[Tweeters] Okanogan bird report

khanh tran khanhbatran at hotmail.com
Sun Oct 14 23:35:40 PDT 2007


Hi Tweeters, 



This weekend Steve Nord and I took advantage of the dry
weather and birded the Okanogan area for
boreal birds.  We had a marvelous but
ambitious trip.  The fall colors were amazing
and the birding was great in terms of the diversity of species. 



Highlights include: several flocks of white winged crossbills,
spruce grouse and northern shrike at multiple locations, and a good representation
of raptors. 



SALMON MEADOWS: 



We got to see 2 very silvery colored DUSKY GROUSE within a foot
of a female SPRUCE GROUSE near the forest road past the big Salmon Meadows CG. 
Other birds included an AMERICAN THREE TOE WOODPECKER and several evening grosbeaks.  
This area has proved to be very productive
each time I visit.  Other birds during past visits include boreal chickadee, barred owl, great horned owl, and northern saw-whet
owls.  



CHOPAKA
 MOUNTAIN: 



Despite the rigorous 10 mile hike, this site proved to be
the most productive. We heard two NORTHERN PYGMY OWLS near the vista outlook.  As we gain elevation to look for WHITE TAILED
PTARMIGAN, we had a nice flock of WHITE WINGED CROSSBILLS along an area with
good cone crop. Red crossbills were also present. 
 



Towards the top of the summit, there was a NORTHERN SHRIKE
along with a NORTHERN GOSHAWK.  Other raptors
included Cooper’s, Sharp shinned, American Kestrel, Red tailed hawks (several
morphs), Golden and Bald eagle.  



Perhaps one reason for dipping on the ptarmigans was the high
activity of circling raptors. We did manage to find 4 sets of fresh ptarmigan
tracks in the snow but those elusive alpine chickens were hiding elsewhere (I
hope)



We also found one rock wren and another NORTHERN SHRIKE in the
town of Loomis.




HAVILLAH: 



Our searched for the GREAT GRAY OWLS was unsuccessfully as
they were represented by the intimidating GREAT HORNED OWLS.  We spotted 5 birds along the areas were I
normally see Great Grays.  Several weeks
ago we had 5 GREAT GRAYS and no Great Horned.  There has to be some correlation.   



HART’S PASS: 



We dipped on the three NORTHERN HAWK OWLS that I re-located
a couple of weeks ago along Meadow’s Campground.  As a consolation we were rewarded with one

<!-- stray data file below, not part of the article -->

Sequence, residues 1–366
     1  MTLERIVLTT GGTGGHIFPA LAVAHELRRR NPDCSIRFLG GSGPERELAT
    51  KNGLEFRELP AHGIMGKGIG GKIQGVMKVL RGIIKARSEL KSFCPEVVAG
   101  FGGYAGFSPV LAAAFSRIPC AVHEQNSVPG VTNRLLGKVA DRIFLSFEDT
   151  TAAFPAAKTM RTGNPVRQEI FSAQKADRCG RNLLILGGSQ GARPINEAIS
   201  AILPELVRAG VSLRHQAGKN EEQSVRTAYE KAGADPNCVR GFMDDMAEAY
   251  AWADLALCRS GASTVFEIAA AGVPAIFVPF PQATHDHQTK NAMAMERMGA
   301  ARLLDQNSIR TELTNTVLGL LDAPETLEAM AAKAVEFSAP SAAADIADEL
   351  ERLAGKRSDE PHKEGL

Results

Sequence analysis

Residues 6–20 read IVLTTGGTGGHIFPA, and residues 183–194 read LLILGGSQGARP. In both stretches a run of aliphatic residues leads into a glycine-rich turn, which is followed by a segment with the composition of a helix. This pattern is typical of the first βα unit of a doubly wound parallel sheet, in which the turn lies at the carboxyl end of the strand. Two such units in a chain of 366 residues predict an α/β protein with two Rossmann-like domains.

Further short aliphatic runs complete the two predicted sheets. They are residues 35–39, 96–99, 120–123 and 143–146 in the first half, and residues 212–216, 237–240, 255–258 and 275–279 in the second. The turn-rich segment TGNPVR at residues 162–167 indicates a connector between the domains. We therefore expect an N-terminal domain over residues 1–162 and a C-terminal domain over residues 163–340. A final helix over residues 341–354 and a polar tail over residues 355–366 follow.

female SPRUCE GROUSE along the road.  I
almost ran over it, as it was right in the middle of the road.  A pale, NORTHERN SHRIKE conspicuously perched
high on a dead snag near the campground. 



Heavy snow at the summit, forced us to hike up the last ¾ mile up to the lookout
tower.  I managed to find a small flock
of GRAY CROWNED ROSYFINCHES.  The views were
spectacular as many of the peaks were snow covered. 



On our way out, there was a dozen WHITE WINGED CROSSBILLS near the ranger station.  We saw one beautiful male on top of a low
spruce and at one point, three birds flew down within 15 feet of us to drink
some water. Some of the immatures superficially resembled pine siskins.  I managed to photographed one bird at a
distance. 



We also saw one female “BLUE” GROUSE near Slate Creek, along
the road that leads to Chancellor. 



WASHINGTON
 PASS: 



We ended our trip at this scenic but closed for the season overlook.  This quick stop proved to be productive as we
saw 3 PINE GROSBEAKS, a pair of CASSIN’S FINCHES, a trusting HAIRY
WOODPECKER,  and a large flock of EVENING
GROSBEAKS, and several tame GRAY JAYS. 



All in all, it was a great way to end the trip driving along
the North Cascades Highway.  What an amazing state!!I have added a few images from the trip. Beware of the imposing female sprucie. 
http://www.pbase.com/spruce_grouse/updated_photos&page=all


Good birding, 





Khanh Tran (Portland,
 Oregon)
Steve Nord (Hillsboro,
 Oregon)
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